According to the recommendation, also supported by seven international scientific organisations, pregnant and nursing mothers should take 200 mailgrams per day of a form of omega-3 fatty acids called docosahexaenoic acid (DHA), which can be found in fatty fish such as salmon and mackerel. DHA intake has been linked to brain and eye development.
"Based on the systematic reviews of the available evidence, this EU-supported group of international experts unanimously concluded that women should have a regular supply of the omega-3 fatty acid DHA during pregnancy and the breastfeeding period, as it is of great importance for the child's health," told Professor Berthold Koletzko, from the Children's Hospital at the University of Munich, Germany.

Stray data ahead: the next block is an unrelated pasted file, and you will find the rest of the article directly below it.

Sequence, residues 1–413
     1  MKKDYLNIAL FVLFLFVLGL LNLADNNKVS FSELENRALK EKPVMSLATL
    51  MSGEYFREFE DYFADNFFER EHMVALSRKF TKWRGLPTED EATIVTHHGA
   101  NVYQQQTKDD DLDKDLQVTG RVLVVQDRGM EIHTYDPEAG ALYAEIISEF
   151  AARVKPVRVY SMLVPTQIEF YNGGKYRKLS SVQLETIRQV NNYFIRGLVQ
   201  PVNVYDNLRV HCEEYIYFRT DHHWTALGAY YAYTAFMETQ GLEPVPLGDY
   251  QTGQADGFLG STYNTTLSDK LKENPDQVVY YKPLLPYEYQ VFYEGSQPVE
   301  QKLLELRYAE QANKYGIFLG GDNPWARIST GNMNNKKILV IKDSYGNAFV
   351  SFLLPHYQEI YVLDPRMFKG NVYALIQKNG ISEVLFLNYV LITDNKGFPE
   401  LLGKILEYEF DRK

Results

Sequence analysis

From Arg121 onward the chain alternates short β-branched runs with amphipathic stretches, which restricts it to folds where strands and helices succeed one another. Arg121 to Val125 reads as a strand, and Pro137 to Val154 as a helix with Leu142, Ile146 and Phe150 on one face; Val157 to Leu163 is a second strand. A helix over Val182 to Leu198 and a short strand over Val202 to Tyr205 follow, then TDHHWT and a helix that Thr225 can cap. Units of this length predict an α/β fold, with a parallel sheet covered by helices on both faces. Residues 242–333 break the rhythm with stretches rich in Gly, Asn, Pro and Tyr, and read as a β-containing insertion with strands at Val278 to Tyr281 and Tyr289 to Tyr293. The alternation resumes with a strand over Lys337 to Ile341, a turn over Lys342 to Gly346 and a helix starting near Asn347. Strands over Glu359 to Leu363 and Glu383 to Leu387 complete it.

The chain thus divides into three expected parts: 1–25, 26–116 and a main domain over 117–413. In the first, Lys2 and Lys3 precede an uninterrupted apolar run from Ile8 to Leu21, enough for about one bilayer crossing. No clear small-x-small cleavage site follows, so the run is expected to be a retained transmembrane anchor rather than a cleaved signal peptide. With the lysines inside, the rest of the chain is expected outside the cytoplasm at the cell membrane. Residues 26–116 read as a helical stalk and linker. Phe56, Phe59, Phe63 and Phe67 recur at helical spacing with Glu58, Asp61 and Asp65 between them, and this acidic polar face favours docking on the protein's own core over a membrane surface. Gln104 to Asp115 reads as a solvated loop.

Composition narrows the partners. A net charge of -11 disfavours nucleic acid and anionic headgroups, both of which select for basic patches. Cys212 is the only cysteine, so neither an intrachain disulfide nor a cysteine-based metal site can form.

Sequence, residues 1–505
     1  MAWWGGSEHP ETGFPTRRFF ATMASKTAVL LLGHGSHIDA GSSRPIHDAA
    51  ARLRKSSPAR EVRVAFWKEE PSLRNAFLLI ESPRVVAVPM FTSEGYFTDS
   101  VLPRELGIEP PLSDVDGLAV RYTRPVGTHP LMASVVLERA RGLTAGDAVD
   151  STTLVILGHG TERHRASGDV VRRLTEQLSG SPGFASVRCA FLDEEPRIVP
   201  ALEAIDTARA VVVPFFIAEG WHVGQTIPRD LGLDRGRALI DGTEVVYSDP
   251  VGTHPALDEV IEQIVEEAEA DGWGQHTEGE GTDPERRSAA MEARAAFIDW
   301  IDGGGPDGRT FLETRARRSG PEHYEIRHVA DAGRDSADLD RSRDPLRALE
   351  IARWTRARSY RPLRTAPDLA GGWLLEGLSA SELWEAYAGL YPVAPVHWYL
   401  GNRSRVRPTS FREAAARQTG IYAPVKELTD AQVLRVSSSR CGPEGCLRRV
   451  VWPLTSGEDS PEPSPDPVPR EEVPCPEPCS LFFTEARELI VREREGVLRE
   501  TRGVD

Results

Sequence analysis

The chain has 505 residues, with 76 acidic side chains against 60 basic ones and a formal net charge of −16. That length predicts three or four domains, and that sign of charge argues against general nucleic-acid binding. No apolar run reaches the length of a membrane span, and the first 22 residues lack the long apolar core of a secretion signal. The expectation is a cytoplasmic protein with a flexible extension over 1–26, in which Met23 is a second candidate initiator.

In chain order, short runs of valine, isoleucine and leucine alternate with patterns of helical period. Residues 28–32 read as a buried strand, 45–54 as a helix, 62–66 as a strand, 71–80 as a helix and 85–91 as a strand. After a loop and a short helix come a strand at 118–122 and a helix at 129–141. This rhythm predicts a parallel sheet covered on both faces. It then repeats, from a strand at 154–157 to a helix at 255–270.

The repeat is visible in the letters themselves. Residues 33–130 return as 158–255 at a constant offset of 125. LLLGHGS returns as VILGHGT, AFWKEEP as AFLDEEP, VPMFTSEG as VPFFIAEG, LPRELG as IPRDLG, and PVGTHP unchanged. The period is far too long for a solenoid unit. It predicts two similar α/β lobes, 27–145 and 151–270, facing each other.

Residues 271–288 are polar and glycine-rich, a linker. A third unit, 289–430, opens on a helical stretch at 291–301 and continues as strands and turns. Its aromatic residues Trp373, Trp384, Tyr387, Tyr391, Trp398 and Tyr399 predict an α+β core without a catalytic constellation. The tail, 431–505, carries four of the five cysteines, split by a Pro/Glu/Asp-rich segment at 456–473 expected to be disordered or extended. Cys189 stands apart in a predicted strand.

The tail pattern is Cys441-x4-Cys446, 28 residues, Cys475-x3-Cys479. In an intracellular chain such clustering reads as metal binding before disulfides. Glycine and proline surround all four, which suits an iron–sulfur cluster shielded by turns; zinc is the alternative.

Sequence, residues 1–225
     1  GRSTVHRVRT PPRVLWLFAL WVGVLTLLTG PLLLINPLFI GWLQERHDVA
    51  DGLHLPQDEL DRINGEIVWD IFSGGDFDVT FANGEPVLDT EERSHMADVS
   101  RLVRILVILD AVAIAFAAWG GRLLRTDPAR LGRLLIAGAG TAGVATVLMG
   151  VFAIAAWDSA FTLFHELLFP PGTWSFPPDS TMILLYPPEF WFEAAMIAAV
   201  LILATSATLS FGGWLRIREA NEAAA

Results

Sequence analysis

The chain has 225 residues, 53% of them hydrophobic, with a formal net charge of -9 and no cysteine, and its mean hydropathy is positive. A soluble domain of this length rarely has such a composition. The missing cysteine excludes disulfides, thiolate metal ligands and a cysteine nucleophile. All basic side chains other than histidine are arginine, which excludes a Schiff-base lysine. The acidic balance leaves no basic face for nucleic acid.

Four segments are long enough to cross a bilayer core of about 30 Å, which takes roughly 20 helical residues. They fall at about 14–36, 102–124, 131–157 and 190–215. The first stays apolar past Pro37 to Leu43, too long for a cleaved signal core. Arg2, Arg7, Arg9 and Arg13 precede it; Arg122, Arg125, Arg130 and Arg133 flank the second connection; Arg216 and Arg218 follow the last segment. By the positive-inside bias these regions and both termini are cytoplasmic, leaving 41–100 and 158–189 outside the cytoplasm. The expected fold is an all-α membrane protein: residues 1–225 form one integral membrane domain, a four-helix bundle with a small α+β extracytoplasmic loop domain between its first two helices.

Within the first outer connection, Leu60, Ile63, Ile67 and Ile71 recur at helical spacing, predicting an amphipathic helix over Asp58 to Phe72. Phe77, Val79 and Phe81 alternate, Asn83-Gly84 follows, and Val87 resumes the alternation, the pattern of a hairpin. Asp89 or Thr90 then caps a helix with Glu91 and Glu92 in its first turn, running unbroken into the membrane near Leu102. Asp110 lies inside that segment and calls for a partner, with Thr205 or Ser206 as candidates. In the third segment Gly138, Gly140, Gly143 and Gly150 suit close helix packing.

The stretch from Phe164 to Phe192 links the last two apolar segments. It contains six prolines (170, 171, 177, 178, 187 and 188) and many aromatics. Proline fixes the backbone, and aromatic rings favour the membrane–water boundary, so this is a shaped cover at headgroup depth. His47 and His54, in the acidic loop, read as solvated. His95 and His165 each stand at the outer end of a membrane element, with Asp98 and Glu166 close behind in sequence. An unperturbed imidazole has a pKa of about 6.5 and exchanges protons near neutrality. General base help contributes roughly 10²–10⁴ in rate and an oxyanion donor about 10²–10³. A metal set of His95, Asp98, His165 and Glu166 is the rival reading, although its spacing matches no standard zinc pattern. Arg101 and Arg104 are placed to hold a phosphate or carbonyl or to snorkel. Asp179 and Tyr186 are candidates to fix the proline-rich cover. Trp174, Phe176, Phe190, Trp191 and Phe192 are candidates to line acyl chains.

The committee found however that the diets of western mothers tended to be low in foods that would provide the necessary dose. The experts believe that this could be explained by limited levels of awareness of the role of omegas in infant development.
DHA supplements have been linked with impacts on various ailments and conditions. Recent evidence has suggested that they can ease the symptoms of disorders such as schizophrenia, depression, dyslexia and Alzheimer's.
The Food Standards Agency currently advises that the consumption of two portions of fatty sea fish per week, necessary to gain the recommended levels of DHA, is generally safe for pregnant and breast-feeding women.
It also advises that DHA can also be found in other forms, including in supplements.
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